Lazarus Group Exploiting Log4Shell Vulnerability (NukeSped)

In December last year, the vulnerability (CVE-2021-44228) of Java-based logging utility Log4j became a worldwide issue. It is a remote code execution vulnerability that can include the remote Java object address in the log message and send it to the server using Log4j to run the Java object in the server.

The ASEC analysis team is monitoring the Lazarus group’s attacks on targets in Korea. In April, the team discovered an attack group suspected of being Lazarus distributing NukeSped by exploiting the vulnerability. The attacker used the log4j vulnerability on VMware Horizon products that were not applied with the security patch. The products are virtual desktop solutions, used mainly by companies for remote working solutions and cloud infrastructure operations. With the recent spread of Covid-19, it is likely that many companies are using the products for remote working.


The following is AhnLab’s ASD (AhnLab Smart Defense) log for NukeSped being installed by the powershell command executed on VMware Horizon’s process ‘ws_tomcatservice.exe’.

Figure 1. ASD log for NukeSped installation

Analysis of NukeSped

NukeSped is a backdoor malware that can receive attacker commands from the C&C server and perform the received commands. The malware type mentioned in this post is one of the variants of NukeSped, that have been used by the Lazarus group since 2020. The variant was discussed in detail in the ASEC blog post shown below. This post will briefly introduce the NukeSped type used in the attack and compare it with the previous version.

The variant is developed with C++. As it uses virtual functions, class names are included in the binary (see Figure 2).

Figure 2. Class names of NukeSped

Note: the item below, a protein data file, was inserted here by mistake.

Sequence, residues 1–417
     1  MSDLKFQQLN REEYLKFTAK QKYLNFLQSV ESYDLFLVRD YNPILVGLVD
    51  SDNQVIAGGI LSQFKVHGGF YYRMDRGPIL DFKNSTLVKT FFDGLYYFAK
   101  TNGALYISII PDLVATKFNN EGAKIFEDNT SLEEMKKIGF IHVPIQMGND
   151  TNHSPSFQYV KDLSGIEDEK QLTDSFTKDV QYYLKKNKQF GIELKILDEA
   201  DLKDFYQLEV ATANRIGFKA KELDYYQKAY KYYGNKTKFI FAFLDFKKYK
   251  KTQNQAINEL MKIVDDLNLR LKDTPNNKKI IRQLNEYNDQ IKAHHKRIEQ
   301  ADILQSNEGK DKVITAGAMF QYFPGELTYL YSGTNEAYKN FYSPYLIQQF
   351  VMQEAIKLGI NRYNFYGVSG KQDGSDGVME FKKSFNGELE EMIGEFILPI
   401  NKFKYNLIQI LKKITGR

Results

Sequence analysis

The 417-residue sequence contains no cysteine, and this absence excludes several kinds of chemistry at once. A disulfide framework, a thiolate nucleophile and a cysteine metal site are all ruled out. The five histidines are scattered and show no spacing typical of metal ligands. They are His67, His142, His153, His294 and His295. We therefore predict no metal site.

It normally uses DES algorithm to decrypt internal strings including API names and the list of C&C servers. To communicate with the C&C server, it uses the RC4 algorithm. But there are some changes as well: the previous blog post had types that used the Xor encryption (CryptorXor class) instead of the RC4 algorithm to communicate with the C&C server. But for this attack, there was a type using the RC4 algorithm for internal strings, a list of C&C servers, and C&C server communication. Each process uses a different value for the RC4 key.

  • RC4 Key 1 (decrypting strings): 7B CA D5 7E 1B AE 26 D8 60 1B 61 DA 83 80 11 72 01 6C 54 D8 8A E8 DE 7B 1A 0A
  • RC4 Key 2 (C&C communications): CD 80 5D D6 6C 1C 63 78 AF 13 7F 67 5B E9 B1 F4 87 27 EE 91 F3 5F 17 EE 9B 6A 28 61 8C F4
Figure 3. RC4 key used for decrypting strings

After the process for decrypting strings and API Resolving is complete, the malware starts communicating with the C&C server. NukeSped goes through an additional verification process after accessing the C&C server by sending a string disguised as SSL communication. When the malware receives certain strings, it will recognize the server as a normal C&C server and proceeds with the routine. As shown in the previous analysis report, there are two types of strings used for the process.

C&C RequestsC&C Responses
Type 1HTTP 1.1 /index.php?member=sbi2009 SSL3.3.7HTTP 1.1 200 OK SSL2.1
Type 2HTTP 1.1 /member.php SSL3.4HTTP 1.1 200 OK SSL2.1
Table 1. C&C request and response values for each type

The malware then finds the MAC address of the user environment and sends it to the C&C server after encrypting it with the RC4 algorithm. It will also encrypt packets with the algorithm in the subsequent communications.

Figure 4. Communication process with the C&C server

NukeSped can perform keylogging, taking screenshots, and file and shell tasks depending on the command it receives. The features exist in the classes shown below. Note that ModuleUsbDump and ModuleWebCamera are new features discovered in this attack.

  • ModuleUpdate
  • ModuleShell